God is spirit, and His worshipers must worship in Spirit and in truth (John 4:24).
Have you ever defined worship? How would you explain it to a 12-year-old?
In our current Christian culture, worship is very often used as an adjective (worship leader, worship music) leading people to robotically connect worship with singing at church.
But in the scripture, worship is most often a verb, a spiritual activity in which those who recognize the transcendent greatness of God engage.
Worship is the declaration of the unparalleled worth of the Triune God.
Anglican Bishop William Temple affirmed worship to be “the most selfless emotion of which our nature is capable”.
And it intrigues me, that the only extended conversation the Lord Jesus had on the topic was not with His Jewish followers, or His inner circle of three, or even with a ranking Jewish religious official – but with an unnamed woman outside of Israel.
He had just met her. She was a Samaritan. A woman with a decidedly checkered past.
And that seems to be the reason why she came to the well alone and at noon, long after the other local women had gathered, drawn, socialized, and departed – getting the heavy work done before the sun was high.
When Jesus had explained her marital history – You are right when you say you have no husband. The fact is, you have had five husbands, and the man you now have is not your husband (John 4:17,18) – she deftly changed the subject.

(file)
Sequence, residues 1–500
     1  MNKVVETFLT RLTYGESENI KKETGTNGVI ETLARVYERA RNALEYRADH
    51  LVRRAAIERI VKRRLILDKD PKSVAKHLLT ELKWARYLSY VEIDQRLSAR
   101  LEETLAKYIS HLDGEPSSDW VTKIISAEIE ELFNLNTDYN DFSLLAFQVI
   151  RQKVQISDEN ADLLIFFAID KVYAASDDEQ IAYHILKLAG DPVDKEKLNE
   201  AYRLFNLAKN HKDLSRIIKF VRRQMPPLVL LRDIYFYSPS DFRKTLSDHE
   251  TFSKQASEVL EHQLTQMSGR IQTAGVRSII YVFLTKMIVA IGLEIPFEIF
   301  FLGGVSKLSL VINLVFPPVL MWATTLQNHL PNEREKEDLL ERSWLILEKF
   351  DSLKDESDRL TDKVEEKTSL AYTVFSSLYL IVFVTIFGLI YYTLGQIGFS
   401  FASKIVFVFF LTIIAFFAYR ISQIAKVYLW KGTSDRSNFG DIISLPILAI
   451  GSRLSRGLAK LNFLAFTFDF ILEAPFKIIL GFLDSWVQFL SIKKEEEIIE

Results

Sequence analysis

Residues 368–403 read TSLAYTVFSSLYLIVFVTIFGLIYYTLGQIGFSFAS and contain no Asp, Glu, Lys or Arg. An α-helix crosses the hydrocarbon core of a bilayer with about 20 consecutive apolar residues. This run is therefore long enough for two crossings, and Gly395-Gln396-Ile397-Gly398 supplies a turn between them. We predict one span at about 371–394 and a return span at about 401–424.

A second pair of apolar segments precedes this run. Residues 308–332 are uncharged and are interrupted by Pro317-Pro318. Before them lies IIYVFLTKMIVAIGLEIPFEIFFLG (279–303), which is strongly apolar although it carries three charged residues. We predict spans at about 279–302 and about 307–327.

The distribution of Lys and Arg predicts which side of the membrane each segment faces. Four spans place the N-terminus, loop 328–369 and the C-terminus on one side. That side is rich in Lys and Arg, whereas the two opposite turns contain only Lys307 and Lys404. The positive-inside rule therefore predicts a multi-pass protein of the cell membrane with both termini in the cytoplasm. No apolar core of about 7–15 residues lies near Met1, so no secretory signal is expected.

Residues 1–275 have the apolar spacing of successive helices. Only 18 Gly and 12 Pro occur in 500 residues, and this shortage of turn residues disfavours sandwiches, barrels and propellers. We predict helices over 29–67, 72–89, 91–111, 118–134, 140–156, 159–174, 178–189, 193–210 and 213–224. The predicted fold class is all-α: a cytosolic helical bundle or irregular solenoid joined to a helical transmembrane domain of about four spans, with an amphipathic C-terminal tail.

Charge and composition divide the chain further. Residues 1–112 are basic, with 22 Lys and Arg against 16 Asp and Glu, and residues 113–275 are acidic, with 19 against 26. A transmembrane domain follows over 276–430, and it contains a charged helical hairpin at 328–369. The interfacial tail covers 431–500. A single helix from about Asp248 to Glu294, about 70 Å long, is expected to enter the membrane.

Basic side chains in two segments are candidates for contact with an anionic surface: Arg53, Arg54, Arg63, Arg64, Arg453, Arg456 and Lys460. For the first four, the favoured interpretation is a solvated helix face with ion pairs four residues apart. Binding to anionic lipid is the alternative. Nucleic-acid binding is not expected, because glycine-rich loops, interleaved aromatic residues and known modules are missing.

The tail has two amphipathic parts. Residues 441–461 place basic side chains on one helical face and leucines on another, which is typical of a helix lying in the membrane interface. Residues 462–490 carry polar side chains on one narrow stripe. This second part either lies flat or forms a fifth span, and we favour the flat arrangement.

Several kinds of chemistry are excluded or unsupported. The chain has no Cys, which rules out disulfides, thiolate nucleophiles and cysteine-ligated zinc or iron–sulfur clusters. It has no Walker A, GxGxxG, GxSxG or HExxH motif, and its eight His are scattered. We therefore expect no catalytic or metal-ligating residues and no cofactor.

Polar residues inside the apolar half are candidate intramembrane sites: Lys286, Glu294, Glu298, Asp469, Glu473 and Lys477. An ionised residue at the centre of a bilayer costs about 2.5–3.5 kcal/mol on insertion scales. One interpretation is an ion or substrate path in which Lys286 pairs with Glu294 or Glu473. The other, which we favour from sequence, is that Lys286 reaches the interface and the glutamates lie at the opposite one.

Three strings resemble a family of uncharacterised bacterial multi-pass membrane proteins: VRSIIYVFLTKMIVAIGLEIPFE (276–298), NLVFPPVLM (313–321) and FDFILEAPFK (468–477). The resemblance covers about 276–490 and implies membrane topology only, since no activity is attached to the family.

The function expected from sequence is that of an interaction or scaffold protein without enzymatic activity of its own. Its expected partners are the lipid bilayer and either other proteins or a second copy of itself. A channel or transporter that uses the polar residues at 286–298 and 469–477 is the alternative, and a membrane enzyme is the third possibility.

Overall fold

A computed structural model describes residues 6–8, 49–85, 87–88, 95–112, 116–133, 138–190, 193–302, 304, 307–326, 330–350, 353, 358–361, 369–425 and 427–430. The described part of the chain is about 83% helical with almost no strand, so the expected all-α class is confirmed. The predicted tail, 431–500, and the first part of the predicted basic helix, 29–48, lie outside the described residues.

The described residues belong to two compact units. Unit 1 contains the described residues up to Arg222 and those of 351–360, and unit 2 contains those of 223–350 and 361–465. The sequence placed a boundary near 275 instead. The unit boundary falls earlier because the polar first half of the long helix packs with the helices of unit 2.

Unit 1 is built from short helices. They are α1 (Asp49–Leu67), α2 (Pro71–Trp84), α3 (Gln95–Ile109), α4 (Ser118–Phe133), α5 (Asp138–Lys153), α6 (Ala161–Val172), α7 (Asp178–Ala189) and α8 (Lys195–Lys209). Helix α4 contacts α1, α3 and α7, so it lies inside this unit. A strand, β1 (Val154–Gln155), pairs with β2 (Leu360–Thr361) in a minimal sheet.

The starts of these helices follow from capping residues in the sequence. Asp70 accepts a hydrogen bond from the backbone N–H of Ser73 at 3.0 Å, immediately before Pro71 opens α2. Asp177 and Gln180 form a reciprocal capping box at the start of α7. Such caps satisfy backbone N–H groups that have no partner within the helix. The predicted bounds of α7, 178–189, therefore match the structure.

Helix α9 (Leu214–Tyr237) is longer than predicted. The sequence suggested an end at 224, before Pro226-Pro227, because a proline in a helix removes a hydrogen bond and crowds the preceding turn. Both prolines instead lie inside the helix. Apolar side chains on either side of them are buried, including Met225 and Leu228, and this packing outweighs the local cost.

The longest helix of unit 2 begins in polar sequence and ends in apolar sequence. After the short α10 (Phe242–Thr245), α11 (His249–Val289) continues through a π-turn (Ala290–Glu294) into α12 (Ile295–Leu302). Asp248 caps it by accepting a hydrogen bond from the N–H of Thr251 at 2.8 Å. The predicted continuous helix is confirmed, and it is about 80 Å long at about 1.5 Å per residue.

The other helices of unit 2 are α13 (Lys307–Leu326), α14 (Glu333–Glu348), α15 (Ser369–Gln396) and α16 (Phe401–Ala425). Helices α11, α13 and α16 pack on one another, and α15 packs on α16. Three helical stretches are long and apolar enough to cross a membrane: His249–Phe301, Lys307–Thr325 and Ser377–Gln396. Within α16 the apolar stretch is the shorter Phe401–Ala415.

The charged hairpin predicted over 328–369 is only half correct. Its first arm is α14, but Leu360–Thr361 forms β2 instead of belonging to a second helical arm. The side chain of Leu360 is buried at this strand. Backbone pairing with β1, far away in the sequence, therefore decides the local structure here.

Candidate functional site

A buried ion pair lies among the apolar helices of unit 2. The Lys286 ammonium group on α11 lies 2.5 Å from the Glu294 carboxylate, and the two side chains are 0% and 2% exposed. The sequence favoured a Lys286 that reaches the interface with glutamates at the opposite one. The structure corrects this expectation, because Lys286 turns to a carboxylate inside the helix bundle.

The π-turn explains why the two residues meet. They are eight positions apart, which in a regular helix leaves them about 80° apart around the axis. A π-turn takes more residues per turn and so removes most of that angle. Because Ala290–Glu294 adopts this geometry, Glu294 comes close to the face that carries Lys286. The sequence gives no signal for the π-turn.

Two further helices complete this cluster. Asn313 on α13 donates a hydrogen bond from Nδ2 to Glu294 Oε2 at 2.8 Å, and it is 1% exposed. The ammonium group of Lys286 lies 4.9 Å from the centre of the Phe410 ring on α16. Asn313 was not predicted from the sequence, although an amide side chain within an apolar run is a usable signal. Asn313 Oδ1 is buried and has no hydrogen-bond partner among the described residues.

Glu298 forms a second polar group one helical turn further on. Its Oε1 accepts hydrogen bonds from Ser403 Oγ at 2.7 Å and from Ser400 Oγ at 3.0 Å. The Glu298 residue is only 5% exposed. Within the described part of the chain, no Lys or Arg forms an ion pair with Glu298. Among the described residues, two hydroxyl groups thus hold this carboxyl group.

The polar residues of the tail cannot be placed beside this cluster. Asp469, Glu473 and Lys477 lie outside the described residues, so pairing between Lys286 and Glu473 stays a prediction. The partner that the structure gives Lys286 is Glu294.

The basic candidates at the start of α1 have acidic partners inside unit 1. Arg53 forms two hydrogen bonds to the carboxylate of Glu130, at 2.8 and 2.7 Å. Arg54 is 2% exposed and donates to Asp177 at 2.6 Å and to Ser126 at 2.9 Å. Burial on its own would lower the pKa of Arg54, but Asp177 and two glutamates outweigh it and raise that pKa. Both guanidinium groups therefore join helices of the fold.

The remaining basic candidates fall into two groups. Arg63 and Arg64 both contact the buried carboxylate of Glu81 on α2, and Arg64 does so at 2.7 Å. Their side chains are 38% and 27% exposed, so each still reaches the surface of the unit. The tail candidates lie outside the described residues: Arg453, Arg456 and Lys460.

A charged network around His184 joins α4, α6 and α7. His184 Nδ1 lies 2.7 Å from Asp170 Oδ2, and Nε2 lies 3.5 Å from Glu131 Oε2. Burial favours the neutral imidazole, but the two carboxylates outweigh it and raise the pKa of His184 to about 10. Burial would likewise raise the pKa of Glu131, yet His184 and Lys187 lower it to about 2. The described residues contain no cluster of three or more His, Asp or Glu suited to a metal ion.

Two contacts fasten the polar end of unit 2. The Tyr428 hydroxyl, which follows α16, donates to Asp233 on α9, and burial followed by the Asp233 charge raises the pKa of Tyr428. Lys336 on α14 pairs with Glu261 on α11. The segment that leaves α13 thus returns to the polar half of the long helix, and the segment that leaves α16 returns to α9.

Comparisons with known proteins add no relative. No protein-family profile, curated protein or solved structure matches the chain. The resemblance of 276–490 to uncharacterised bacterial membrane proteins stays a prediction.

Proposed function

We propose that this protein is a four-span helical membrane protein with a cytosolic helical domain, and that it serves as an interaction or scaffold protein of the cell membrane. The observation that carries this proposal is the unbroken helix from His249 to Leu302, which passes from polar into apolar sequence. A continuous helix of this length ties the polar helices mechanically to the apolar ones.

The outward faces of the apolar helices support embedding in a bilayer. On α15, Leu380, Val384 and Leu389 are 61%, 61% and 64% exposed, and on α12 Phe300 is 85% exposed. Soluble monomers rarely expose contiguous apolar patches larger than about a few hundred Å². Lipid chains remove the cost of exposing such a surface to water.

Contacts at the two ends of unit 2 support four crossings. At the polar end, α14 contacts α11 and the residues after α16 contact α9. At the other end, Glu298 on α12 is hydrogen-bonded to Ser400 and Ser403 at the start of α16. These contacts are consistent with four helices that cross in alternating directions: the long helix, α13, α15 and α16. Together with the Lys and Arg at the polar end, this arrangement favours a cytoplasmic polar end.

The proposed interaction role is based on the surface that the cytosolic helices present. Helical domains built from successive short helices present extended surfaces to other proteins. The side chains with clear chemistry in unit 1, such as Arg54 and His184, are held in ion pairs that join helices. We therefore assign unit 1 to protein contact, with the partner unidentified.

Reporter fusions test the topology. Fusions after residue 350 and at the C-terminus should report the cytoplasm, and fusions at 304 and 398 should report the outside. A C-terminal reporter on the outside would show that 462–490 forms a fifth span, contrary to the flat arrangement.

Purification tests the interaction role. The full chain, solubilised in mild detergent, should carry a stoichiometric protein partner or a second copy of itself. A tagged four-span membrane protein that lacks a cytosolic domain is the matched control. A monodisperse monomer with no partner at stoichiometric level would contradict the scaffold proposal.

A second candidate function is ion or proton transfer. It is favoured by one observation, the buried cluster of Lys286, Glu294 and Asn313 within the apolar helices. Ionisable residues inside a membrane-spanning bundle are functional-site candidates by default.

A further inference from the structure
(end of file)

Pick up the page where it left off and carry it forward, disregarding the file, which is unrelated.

Our ancestors worshiped on this mountain (v.20), she said.
Mount Gerizim was the center of Samaritan worship, and the majority of today’s Samaritans (total population less than 1000) still live within its proximity. It peaks near the Palestinian city of Nablus on the West Bank; Samaritans continue today to celebrate Passover at this location.
And her diversion led to Jesus’ most detailed exposition on worship, and His assertion that He was ushering in an era of truth which would be reflected in the worship of the people of God.
Additionally, He made clear that God is never pleased with ignorant worship, no matter where or from whom: Yet a time is coming and has now come when the true worshipers will worship the Father in Spirit and in truth, for they are the kind of worshipers the Father seeks (v.23).
Authentic worship is spiritual, not human or physical.
Authentic worship involves the Holy Spirit as the Worship Leader.
Authentic worship of necessity involves God’s revealed Word as the truth. It is rooted in doctrine. It is founded on correct understanding. That’s why genuine worship often involves an open Bible.
And, authentic worship would appear to involve the head and the heart. The result: apologist Ravi Zacharias declares worship to include sense and service.
And this verse gives us the only New Testament record of the Father seeking anything or anyone: the kind of worshipers the Father seeks.
The Lord Jesus also chose to provide to this otherwise unknown, unnamed Samaritan woman His most powerfully direct declaration of Himself as the Messiah.
When she said, I know that Messiah (called Christ) is coming (v.25), Jesus responded by affirming, I, who speak to you am He (v.26).
Takeaway: Worship is often associated with religion, church, liturgy, and superstition. However, in our celebrity-obsessed culture, the worship of personalities is a cult phenomenon evidenced constantly in the media, the arts, and in sports and entertainment.
Fyodor Dostoyevsky was the Russian novelist and philosopher who lived and died in the 1800s. He could have been commenting on the 21st century when he observed: as long as man remains free he strives for nothing so incessantly and so painfully as to find someone to worship.
But our God-given desire and capacity to worship is to be directed solely to Him. Therein is coherence as the dependent creatures worship the eternal Creator. Therein too, is delight and fulfillment.
And when we worship, we do so before an audience of One – the Triune God.
~ graphic from freeimages.com